This mode has the slowest antenna rotation rate which permits the radar to sample a given volume of the atmosphere longer. This increased sampling improves the radar's sensitivity and ability to detect smaller objects in the atmosphere than in precipitation mode.

A typical radar image in clear air mode will not reveal much. Generally, the only returned energy to the radar will be very close to the radar's location. A lot of what is seen will be airborne dust, bugs, and particulate matter (image at right).

However, snow does not reflect energy sent from the radar very well. So clear air mode will occasionally be used for the detection of light snow as well. Also, this mode is helpful in detecting discontinuities in the air mass, such as a frontal boundary, and in monitoring the onset of precipitation.

Typical radar image during Clear Air Mode. The blue colors around the radar site is due to ground clutter and dirt, bugs, etc. in VCP 32.

There are three clear-air mode VCPs; 31, 32 and 35. VCPs 31 and 32 complete a volume scan using five elevation angles in about 10 minutes.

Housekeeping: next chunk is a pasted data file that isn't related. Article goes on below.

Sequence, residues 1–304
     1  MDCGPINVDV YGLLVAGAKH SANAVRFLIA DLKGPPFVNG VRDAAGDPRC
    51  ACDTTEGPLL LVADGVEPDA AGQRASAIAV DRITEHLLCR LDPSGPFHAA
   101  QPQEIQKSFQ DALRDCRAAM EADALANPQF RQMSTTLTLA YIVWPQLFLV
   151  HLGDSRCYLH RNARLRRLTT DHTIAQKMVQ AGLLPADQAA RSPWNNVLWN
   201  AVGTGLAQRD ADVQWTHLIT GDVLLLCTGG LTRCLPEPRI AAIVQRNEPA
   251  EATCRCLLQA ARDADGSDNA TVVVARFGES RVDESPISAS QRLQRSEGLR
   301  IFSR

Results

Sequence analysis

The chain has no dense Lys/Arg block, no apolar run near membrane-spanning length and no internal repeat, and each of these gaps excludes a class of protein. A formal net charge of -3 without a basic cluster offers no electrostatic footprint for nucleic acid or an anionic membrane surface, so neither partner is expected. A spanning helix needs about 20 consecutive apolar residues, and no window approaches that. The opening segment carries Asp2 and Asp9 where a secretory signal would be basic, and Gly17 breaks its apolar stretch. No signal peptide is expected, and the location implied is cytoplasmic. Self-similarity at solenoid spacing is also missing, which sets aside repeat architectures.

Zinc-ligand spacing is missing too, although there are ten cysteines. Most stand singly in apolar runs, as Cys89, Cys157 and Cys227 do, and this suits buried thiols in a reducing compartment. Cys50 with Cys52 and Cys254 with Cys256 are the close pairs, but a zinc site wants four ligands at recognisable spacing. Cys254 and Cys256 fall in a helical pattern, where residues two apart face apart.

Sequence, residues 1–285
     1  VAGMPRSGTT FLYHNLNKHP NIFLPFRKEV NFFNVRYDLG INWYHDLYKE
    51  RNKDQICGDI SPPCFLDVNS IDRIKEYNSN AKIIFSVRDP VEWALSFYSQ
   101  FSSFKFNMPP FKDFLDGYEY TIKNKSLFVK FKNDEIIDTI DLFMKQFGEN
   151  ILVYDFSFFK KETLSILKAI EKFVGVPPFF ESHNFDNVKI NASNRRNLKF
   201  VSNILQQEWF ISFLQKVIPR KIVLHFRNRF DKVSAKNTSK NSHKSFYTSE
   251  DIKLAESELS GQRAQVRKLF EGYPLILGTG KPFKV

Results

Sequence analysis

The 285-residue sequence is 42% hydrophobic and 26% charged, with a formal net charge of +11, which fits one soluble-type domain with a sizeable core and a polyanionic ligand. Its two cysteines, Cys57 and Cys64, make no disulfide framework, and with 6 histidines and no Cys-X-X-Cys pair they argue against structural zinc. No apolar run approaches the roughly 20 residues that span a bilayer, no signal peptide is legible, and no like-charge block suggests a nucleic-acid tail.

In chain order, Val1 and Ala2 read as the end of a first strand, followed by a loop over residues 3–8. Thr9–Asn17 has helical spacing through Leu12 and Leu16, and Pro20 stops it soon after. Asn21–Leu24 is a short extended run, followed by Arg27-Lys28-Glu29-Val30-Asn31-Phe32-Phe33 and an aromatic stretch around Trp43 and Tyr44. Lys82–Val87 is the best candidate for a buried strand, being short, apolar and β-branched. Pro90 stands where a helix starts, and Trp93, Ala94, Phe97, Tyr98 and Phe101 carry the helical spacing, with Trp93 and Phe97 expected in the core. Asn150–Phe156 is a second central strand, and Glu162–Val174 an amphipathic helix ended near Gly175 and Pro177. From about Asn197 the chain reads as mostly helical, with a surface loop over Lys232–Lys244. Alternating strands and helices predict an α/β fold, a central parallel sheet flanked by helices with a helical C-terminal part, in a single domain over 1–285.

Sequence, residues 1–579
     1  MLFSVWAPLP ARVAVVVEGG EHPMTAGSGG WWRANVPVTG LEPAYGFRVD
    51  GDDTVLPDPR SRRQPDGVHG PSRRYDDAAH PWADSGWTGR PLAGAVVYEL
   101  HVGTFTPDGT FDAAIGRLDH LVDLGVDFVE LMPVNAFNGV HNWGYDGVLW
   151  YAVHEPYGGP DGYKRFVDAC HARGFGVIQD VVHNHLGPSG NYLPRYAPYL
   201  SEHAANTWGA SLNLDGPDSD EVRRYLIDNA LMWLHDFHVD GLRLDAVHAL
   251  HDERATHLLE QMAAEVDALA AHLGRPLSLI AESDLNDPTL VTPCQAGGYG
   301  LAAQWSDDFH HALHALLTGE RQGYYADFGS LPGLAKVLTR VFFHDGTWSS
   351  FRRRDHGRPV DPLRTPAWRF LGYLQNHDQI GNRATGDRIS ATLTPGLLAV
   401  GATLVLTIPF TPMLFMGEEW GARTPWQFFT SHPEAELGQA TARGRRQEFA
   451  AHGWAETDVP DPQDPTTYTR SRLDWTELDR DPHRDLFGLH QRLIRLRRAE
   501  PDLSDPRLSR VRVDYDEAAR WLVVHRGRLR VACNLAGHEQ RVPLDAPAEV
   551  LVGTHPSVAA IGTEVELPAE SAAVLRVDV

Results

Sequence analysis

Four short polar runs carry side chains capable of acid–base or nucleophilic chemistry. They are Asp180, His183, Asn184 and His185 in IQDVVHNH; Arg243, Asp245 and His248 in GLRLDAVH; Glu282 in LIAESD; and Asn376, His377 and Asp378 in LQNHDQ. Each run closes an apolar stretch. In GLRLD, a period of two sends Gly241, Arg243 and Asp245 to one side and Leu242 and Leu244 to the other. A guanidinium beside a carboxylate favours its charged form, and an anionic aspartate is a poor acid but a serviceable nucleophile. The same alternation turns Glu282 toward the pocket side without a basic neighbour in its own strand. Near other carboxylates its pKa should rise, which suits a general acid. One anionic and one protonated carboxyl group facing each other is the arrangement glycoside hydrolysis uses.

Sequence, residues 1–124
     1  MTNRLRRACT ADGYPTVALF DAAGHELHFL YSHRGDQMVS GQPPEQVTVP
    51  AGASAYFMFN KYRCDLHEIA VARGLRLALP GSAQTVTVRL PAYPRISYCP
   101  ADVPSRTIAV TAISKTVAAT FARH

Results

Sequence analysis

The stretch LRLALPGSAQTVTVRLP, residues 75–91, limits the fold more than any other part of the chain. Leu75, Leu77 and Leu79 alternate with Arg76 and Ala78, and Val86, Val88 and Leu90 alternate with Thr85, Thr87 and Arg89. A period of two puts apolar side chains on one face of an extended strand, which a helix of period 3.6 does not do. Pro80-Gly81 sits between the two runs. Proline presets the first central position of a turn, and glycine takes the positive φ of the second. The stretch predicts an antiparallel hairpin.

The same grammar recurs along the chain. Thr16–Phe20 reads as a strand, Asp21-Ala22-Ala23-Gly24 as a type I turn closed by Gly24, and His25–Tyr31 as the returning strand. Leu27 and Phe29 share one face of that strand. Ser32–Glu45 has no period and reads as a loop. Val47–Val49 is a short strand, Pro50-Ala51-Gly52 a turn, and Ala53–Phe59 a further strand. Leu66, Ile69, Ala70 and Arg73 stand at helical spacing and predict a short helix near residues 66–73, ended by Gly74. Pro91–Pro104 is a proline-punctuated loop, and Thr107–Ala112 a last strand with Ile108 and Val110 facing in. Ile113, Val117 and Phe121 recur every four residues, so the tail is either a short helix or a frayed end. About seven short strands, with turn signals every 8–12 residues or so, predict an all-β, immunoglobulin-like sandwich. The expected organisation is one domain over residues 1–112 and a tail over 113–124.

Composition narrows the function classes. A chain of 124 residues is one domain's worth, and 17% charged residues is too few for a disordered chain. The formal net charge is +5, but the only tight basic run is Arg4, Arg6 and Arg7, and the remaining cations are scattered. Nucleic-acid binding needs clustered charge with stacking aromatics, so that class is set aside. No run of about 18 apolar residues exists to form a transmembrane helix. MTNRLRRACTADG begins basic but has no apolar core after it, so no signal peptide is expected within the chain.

In this clear-air mode the radar makes two 360° scans of the atmosphere at the lower elevation angles. During the first scan at each elevation the radar is in surveillance mode and is looking for objects.

During the second sweep the radar is determining the velocity of the wind. In the remaining higher elevation angles, the radar conducts both surveillance and velocity operations together.

VCP 31 and 32 elevation angles are the same for each. The difference between the two is the "pulse" mode. VCP 31 uses a "long pulse" mode meaning the time the radar is transmitting each pulse is 4.7x10-6 seconds. This is repeated 314 times a second (the PRF is at its lowest).

Therefore, the wavelength is the much longer in this mode increasing the radar's sensitivity. But this comes at a cost which is a decrease in the range of the winds velocity radar can determine.

VCP 32 has a higher PRF (more pulses per second) so it is not quite as sensitive as VCP 31 but it can now detect a wider range of the wind velocity. For this reason, most NWS Doppler radars will be in VCP 32 during the Clear Air Mode.